However, I also note that the same issues are being considered, at the moment, by the Australian Human Rights Commission (AHRC) as part of its own investigation of this topic. [ii]

 

This has included a public consultation process from July to September 2018,[iii] and ongoing involvement of and consultation with intersex people.

 

I understand that this investigation is expected to conclude by the end of 2019, with a report and recommendations for how these human rights violations should be addressed nation-wide.

 

The AHRC is relevant to this submission in three main ways.

 

First, I reiterate the five recommendations made to that investigation, including:

 

Recommendation 1. Australian Governments must introduce legislation to prohibit deferrable medical interventions, including surgical and medical interventions, that alter the sex characteristics of infants and children without personal consent, including penalties for breaching such laws.

 

Recommendation 2. Individuals who are asked to provide consent to necessary, non-deferrable medical interventions must have access to counselling and peer support, including from intersex people and intersex-led community organisations.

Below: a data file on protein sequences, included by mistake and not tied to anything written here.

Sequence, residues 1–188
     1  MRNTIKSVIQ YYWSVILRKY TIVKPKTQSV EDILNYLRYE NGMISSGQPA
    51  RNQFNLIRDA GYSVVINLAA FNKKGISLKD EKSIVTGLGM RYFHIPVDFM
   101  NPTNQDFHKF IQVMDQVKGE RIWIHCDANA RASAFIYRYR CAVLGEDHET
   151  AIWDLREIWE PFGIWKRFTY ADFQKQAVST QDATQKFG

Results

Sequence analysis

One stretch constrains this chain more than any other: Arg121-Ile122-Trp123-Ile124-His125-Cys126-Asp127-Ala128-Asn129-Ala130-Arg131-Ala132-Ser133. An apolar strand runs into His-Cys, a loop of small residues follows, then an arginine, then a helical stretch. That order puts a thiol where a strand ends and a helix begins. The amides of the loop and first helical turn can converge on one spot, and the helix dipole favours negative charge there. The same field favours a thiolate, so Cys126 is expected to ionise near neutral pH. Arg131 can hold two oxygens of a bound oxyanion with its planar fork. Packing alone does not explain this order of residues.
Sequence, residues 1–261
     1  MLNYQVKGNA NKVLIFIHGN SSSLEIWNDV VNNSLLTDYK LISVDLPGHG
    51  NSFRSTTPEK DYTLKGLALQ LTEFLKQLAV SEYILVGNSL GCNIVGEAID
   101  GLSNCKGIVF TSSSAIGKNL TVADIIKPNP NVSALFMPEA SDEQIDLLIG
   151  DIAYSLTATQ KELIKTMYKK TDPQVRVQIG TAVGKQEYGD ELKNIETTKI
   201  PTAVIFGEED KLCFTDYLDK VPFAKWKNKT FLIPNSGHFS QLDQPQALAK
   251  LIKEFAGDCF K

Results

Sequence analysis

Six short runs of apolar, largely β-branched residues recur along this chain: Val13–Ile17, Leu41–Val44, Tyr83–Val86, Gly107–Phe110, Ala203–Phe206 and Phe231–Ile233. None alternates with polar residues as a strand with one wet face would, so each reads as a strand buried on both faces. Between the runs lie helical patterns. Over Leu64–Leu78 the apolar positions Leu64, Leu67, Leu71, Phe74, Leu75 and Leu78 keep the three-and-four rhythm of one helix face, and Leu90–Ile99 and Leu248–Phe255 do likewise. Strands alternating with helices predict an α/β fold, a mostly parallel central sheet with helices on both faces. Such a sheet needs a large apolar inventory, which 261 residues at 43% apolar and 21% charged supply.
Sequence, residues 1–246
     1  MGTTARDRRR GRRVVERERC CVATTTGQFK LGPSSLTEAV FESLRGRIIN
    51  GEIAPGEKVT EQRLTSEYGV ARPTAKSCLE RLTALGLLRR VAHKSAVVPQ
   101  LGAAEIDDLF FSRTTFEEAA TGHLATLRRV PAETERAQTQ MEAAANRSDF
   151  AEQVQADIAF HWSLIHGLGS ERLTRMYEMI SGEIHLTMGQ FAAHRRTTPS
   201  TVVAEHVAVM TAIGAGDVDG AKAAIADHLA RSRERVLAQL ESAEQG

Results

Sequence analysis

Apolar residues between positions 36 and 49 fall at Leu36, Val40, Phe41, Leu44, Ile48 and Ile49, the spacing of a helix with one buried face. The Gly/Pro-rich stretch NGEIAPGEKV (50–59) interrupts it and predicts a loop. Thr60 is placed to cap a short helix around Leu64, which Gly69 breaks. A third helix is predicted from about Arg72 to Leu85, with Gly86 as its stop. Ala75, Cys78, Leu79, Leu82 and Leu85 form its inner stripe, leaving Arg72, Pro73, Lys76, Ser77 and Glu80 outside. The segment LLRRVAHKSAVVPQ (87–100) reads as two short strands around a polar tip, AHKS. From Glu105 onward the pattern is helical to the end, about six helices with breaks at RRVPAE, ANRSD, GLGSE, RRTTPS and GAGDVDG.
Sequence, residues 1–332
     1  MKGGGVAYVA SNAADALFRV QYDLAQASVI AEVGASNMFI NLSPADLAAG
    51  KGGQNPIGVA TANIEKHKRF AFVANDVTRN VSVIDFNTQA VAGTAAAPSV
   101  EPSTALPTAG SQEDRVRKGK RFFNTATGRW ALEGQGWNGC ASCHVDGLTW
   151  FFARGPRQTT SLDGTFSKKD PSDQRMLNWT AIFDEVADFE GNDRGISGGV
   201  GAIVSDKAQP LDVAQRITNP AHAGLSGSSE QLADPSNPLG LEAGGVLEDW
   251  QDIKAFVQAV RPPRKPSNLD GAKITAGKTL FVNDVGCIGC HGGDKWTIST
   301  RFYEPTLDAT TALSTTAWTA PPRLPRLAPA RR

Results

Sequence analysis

Recommendation 3. Australian governments must explicitly prohibit the ability of parents and guardians to provide consent to modifications to the sex characteristics of children born with variations of sex characteristics on the basis of social or cultural rationales.

 

Recommendation 4. That a new independent oversight body be created to review necessary, non-deferrable, therapeutic medical interventions on children born with variations of sex characteristics, comprising clinicians, human rights experts, child advocates and intersex-led community organisations.

 

Recommendation 5. That Commonwealth, state and territory governments provide ongoing funding to intersex-led community organisations, for the purposes of:

  • Peer support of individuals and families to inform decision-making about medical interventions
  • Serving on the new independent oversight body that reviews medical interventions
  • Broader peer support for all members of the intersex community, and
  • Systemic advocacy for all people with variations of sex characteristics.

 

Second, I express my support for the submission made by Intersex Human Rights Australia (IHRA) to the AHRC investigation[iv] (a submission that was also endorsed by the AIS Support Group Australia, Disabled People’s Organisations Australia, LGBTI Legal Service, and People with Disability Australia).